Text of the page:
NVIDIA Bets Big on AI and Omniverse to Power Next-Gen Supercomputing


At its annual GPU Technology Conference (GTC), NVIDIA announced several new products to solidify its position in the artificial intelligence (AI) space. The American company unveiled the new Hopper Architecture, a few products including the H100 GPU, Grace CPU Superchip, and the Omniverse Cloud for real-time design collaboration and simulation capabilities.

The announcement of the new lineup of next-generation products comes on the heels of a couple of setbacks NVIDIA faced in recent days. Soon after its $40 billion bid to acquire Arm fell through, 19 GB of its data was leaked online by the Lapsus$ cyber extortion gang. Let’s look at what NVIDIA has in store at the spring event.

NVIDIA Hopper Architecture

Named after rear admiral and computer science pioneer Grace Hopper, the Hopper architecture will replace NVIDIA’s Ampere Architecture. Ampere was introduced two years ago at NVIDIA’s 2020 GTC just as the COVID-19 pandemic gained momentum. NVIDIA has maintained its dominance in GPUs in these two years as demand remained consistently high, thanks to widespread computing needs.

The company now believes it’s time for an updated accelerated computing platform that uplifts its AI/ML workloads investment. Specifically, the Hopper Architecture features new Transformer Engines designed for natural language processing (NLP) and computer vision tasks.

NVIDIA Hopper Architecture (H100 Die)

Transformers are deep learning models that are used in the analysis of complex data associated with NLP processes. It adheres to the self-attention principle and powers GPT-3 and previous versions by OpenAI and others. NVIDIA leveraged this to instill Transformer Engines in the Hopper Architecture to help accelerate machine learning model training.

Rapid transformer training is essential because of the exponential rate at which connections in emerging transformers are scaling up. GPUs based on Hopper Architecture, combined with the latest communication link, have the potential to train a transformer up to 9x faster.

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This latest GPU is based on the Hopper architecture and is NVIDIA’s flagship acceleration GPU targeted for server implementations. The chipmaker said H100 is 6x faster than the previous A100.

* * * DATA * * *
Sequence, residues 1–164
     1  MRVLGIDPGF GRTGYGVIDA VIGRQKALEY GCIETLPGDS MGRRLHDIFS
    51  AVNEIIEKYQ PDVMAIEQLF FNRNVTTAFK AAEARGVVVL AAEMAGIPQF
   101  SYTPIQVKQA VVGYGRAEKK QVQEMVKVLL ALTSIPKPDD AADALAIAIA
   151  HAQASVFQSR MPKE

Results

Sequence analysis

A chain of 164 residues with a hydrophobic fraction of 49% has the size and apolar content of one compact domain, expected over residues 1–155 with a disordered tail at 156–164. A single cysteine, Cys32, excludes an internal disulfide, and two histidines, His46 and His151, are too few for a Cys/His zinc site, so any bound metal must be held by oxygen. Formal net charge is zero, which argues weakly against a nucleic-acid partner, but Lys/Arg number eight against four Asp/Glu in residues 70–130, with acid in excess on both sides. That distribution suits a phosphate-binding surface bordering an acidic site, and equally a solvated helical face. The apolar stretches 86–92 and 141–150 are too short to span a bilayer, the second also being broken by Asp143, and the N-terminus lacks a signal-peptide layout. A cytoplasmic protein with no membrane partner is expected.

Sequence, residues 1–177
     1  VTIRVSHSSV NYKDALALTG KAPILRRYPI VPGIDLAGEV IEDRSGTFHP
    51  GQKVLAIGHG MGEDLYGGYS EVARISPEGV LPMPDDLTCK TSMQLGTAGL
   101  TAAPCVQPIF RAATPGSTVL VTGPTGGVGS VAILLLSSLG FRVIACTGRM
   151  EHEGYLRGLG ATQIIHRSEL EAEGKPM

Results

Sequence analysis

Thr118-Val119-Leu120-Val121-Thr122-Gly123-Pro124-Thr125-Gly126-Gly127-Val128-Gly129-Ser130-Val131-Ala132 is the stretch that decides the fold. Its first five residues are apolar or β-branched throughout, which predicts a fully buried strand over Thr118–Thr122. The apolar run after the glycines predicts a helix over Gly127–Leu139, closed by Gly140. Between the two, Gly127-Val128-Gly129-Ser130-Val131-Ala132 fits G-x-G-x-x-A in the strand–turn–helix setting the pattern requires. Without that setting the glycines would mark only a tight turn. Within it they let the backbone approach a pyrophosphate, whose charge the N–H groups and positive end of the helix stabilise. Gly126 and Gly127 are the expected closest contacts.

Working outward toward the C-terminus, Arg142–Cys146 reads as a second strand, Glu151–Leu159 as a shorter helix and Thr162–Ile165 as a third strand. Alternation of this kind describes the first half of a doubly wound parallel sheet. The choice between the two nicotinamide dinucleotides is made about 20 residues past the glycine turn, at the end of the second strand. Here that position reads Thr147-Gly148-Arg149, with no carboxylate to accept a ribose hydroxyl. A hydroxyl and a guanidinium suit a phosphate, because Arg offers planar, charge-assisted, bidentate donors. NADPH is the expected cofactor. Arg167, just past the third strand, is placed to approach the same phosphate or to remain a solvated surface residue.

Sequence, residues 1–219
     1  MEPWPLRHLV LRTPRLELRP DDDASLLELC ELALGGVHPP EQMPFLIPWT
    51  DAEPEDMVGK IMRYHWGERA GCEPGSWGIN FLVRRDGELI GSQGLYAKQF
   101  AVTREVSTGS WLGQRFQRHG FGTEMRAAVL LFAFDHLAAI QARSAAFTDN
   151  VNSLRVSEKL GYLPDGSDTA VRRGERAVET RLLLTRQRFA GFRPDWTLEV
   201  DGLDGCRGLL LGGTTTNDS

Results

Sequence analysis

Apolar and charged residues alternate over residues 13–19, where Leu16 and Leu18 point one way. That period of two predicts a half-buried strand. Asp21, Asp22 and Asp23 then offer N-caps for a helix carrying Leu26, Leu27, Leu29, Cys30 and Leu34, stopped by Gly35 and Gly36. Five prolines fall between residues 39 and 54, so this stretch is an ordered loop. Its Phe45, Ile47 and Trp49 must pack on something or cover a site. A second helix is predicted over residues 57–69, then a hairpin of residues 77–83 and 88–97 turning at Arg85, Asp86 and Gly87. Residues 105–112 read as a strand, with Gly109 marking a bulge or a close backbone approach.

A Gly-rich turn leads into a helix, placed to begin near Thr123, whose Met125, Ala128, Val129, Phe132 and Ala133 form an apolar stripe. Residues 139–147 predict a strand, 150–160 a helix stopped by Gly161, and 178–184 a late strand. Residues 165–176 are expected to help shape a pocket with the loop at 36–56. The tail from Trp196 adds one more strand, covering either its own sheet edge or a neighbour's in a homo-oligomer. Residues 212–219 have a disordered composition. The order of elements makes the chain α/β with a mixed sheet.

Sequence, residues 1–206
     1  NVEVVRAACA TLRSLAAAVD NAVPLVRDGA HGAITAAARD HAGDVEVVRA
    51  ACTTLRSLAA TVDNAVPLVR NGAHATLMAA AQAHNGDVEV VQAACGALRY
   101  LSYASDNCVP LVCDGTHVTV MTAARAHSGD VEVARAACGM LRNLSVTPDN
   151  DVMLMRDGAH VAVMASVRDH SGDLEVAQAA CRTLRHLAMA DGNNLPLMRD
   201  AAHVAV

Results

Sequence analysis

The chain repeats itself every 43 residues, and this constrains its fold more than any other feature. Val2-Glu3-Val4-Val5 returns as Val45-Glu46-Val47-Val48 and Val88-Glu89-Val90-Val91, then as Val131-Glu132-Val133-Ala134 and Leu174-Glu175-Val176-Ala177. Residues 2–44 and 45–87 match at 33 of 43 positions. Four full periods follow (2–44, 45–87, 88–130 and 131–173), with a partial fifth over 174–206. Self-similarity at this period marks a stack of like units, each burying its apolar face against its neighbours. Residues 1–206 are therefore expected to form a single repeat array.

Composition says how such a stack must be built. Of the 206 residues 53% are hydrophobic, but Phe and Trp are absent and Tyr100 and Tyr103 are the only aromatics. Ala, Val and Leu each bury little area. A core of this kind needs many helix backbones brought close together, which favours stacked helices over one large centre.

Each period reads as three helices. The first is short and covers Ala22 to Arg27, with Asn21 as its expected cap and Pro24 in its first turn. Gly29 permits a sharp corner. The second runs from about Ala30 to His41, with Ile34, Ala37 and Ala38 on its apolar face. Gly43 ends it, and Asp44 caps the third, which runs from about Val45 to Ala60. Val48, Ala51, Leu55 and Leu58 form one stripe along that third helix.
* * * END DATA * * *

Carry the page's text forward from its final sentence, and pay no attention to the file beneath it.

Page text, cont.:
NVIDIA H100 consists of 80 billion transistors, has a memory bandwidth of 3 TB/s and is the first GPU to support PCle Gen5 and utilize HBM3. It is based on the advanced TSMC 4N process. “Twenty H100 GPUs can sustain the equivalent of the entire world’s internet traffic, making it possible for customers to deliver advanced recommender systems and large language models running inference on data in real time,” NVIDIA noted.

H100 features confidential computing capabilities, thus allowing federated learning/training for privacy-sensitive applications and DPX instructions for accelerated dynamic programming.

You can find technical details of the H100 GPU on NVIDIA’s website. Below is AnandTech’s comparison of H100 with two of its predecessors:

NVIDIA Accelerated Computing AI GPUs

Specifications H100 A100


Manufacturing Process

Architecture Hopper Ampere


Memory Bandwidth

3 TB/sec 2 TB/sec 900 GB/sec
Transistor Count 80 Billion 54.2 Billion

21.1 Billion

Memory Clock

4.8 Gbps HBM3 3.2 Gbps HBM2e 1.75 Gbps HBM2
VRAM 80 GB 80 GB

16 GB/32 GB


NVLink 4 NVLink 3 NVLink 2
Thermal Design Power 700 W 400 W

300 W/350 W

Boost Clock

Estimated 1.78 GHz 1.41 GHz 1.53 GHz
Tensor Cores 528 432


NVIDIA H100 is expected to be available later in 2022.

Grace CPU Superchip

Also intended for server implementations, Grace CPU Superchip is NVIDIA’s first data center CPU based on the Arm Neoverse. Like the H100 GPU, these CPUs will also be powered by the Hopper architecture for high-performance computing (HPC).